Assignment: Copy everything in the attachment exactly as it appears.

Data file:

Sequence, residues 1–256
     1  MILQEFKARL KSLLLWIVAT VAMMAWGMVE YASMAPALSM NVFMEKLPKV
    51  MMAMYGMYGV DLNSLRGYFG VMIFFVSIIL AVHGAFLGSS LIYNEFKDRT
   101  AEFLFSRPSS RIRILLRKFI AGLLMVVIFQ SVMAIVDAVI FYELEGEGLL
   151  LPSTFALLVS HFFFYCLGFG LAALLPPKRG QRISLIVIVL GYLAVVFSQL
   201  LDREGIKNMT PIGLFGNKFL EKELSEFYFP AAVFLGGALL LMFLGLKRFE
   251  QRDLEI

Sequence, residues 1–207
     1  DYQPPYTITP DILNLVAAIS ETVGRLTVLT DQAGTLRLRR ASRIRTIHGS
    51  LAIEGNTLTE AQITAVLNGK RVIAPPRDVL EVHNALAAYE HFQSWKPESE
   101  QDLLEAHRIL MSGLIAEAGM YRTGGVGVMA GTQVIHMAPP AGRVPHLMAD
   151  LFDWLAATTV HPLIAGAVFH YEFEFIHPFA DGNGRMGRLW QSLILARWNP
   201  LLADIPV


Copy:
Sequence, residues 1–256
     1  MILQEFKARL KSLLLWIVAT VAMMAWGMVE YASMAPALSM NVFMEKLPKV
    51  MMAMYGMYGV DLNSLRGYFG VMIFFVSIIL AVHGAFLGSS LIYNEFKDRT
   101  AEFLFSRPSS RIRILLRKFI AGLLMVVIFQ SVMAIVDAVI FYELEGEGLL
   151  LPSTFALLVS HFFFYCLGFG LAALLPPKRG QRISLIVIVL GYLAVVFSQL
   201  LDREGIKNMT PIGLFGNKFL EKELSEFYFP AAVFLGGALL LMFLGLKRFE
   251  QRDLEI

Sequence, residues 1–207
     1  DYQPPYTITP DILNLVAAIS ETVGRLTVLT DQAGTLRLRR ASRIRTIHGS
    51  LAIEGNTLTE AQITAVLNGK RVIAPPRDVL EVHNALAAYE HFQSWKPESE
   101  QDLLEAHRIL MSGLIAEAGM YRTGGVGVMA GTQVIHMAPP AGRVPHLMAD
   151  LFDWLAATTV HPLIAGAVFH YEFEFIHPFA DGNGRMGRLW QSLILARWNP
   201  LLADIPV